Damage to the banking system will almost certainly prove more consequential. Since the start of March global banks’ share prices have tumbled by a sixth. Academic evidence suggests that falling share prices tend to hit loan growth. Banks may also cut back on lending if they see deposit outflows, or if they need to raise capital because investors doubt their safety. Indeed, banks across the rich world already appear to be tightening standards. The hit to bank lending implies a growth drag of around 0.4 percentage points in both America and the euro area, according to a new paper by Goldman Sachs. The turmoil may have hit American banks harder, but the euro-zone economy is more dependent on bank lending. That could cut global growth yet further, from 2.5% to something more like 2%.

Although the recent banking turmoil is hardly good news, it is unlikely to push the world economy over the edge. True, things could yet deteriorate. The discovery of another rotten bank could cause a downward spiral. Banks will take time to rebuild balance-sheets and get lending. Rising interest rates will continue to impede growth until central bankers judge their work done.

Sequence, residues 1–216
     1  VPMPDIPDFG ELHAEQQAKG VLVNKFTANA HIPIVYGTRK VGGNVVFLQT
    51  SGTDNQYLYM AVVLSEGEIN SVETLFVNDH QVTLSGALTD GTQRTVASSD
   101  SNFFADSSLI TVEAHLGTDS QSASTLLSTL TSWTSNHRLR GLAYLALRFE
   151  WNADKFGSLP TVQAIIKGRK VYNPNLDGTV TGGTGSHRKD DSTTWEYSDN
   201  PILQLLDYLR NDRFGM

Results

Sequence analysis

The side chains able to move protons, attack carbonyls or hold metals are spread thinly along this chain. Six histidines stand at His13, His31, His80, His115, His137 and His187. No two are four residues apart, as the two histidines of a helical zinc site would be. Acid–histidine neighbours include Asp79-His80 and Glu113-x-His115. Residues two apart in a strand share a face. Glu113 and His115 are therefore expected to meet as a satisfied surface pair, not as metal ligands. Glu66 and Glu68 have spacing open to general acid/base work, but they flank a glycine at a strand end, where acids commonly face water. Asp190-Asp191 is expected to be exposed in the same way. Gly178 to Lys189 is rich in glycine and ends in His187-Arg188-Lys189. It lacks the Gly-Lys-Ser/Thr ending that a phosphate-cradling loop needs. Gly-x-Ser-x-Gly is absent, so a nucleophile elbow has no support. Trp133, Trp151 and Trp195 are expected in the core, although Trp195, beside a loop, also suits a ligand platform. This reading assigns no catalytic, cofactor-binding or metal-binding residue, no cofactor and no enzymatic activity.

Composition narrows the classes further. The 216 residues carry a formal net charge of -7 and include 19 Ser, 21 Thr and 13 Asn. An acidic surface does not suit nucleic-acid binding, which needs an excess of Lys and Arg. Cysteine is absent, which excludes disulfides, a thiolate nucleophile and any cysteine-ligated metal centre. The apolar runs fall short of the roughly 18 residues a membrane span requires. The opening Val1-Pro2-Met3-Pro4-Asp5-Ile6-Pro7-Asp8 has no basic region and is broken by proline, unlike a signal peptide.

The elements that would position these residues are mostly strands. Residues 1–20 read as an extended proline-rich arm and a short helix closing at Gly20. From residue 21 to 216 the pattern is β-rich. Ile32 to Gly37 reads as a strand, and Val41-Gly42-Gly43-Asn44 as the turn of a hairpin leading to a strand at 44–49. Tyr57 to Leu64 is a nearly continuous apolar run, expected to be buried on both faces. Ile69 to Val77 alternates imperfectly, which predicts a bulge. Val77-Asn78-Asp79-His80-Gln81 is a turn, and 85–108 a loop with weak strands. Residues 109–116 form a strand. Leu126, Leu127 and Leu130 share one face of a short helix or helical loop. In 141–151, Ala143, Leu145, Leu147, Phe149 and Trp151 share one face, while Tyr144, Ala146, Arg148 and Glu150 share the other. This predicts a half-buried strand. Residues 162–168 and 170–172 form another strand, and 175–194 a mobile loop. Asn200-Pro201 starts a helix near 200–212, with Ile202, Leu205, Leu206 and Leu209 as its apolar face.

But there are forces working in the other direction, too. One is the rebound of China. Economists expect the world’s second-largest economy to have grown by over 7% year on year in the second quarter of the year. Meanwhile, supply-chain bottlenecks have mostly disappeared and energy prices have fallen. Do not be surprised if the world economy’s unusual resilience continues.

Rayna Prime

Rayna Prime

Rayna Prime Editor